Scott Mulhauser/Erin Shields
Baucus Expresses Disappointment About Impasse in Korea Trade Negotiations; Supports Decision to Continue Talks
Finance Chairman Applauds Fight for U.S. Exports & Markets for U.S. Products; Urges Negotiators to Continue Working to Resolve Outstanding Beef, Auto Issues
Washington, DC – While expressing disappointment that the United States and Korea were unable to reach a deal to open Korea's market to additional U.S. beef and autos exports and move forward the U.S.-Korea Free Trade Agreement (FTA), Finance Committee Chairman Max Baucus (D-Mont.) commended the President’s decision to continue the talks to fight for U.S. exporters and expanded markets for U.S. products.
"The U.S.-Korea FTA has the potential to increase American exports and create American jobs," Baucus said. "Presidents Obama and Lee agreed in June to resolve the outstanding beef and autos issues by today's G20 summit so we could get this deal done. While it’s disappointing we were unable to resolve these issues, the President and his negotiating team clearly deserve praise for fighting for a good deal for our exporters and for new markets for American products. We’ll continue to work to make sure these negotiations yield an agreement that works for ranchers, farmers and businesses in Montana and across the nation."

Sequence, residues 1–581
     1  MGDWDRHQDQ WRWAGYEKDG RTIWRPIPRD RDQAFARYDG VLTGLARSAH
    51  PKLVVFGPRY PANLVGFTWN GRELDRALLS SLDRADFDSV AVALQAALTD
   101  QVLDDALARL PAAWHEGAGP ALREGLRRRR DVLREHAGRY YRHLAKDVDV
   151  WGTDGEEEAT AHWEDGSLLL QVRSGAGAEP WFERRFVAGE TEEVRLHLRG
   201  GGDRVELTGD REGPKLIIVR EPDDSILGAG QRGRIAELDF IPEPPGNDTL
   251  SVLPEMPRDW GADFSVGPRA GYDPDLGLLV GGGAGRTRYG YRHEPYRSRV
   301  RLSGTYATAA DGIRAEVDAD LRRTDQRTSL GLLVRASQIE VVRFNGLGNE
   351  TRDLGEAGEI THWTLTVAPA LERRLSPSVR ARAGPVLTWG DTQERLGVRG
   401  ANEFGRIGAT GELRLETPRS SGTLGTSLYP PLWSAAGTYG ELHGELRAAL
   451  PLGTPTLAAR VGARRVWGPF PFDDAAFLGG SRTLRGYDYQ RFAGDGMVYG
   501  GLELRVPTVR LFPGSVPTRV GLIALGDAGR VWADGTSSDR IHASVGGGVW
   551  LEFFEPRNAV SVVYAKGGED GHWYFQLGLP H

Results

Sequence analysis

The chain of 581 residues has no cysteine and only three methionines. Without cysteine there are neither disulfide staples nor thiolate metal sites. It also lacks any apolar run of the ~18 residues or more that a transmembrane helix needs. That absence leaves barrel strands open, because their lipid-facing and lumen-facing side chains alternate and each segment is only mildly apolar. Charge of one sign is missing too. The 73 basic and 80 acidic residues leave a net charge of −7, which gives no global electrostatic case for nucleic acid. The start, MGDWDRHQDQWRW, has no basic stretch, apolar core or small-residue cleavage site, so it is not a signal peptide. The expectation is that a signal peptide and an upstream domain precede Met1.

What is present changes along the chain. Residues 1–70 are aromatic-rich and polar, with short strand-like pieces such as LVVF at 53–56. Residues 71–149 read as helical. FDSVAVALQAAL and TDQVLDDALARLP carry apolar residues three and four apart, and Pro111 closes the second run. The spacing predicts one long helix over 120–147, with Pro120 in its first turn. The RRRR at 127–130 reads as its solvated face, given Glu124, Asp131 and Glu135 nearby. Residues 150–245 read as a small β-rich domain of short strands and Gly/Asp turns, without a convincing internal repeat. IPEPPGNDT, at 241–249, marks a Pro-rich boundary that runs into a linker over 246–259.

On June 30, 2007, the United States and Korea entered into a free trade agreement to expand trade between the two countries. On June 26, 2010, President Obama and President Lee agreed to resolve U.S. concerns regarding barriers to U.S. beef and auto exports by today's G20 leaders' meeting in Seoul, South Korea. Korea does not permit imports of U.S. beef from cattle 30 months and older, despite a World Organization for Animal Health finding that U.S. beef of all ages is safe. Korea also maintains numerous tariff and non-tariff barriers that inhibit the ability of U.S. auto exporters to penetrate the Korean market.
The Senate Finance Committee has exclusive jurisdiction over international trade.
Next Article Previous Article
- Grassley on the Swearing-In for Andrew Saul, Commissioner of Social Security
- Treasury to Grassley, Wyden: U.S. Evaluating Potential Responses to French Digital Services Tax
- Grassley Statement on FDA’s Capability Assessments for European Union Member States
- Grassley Statement on Withdrawal of HHS Rebate Rule
- Grassley on Rx Relief for American Taxpayers & Consumers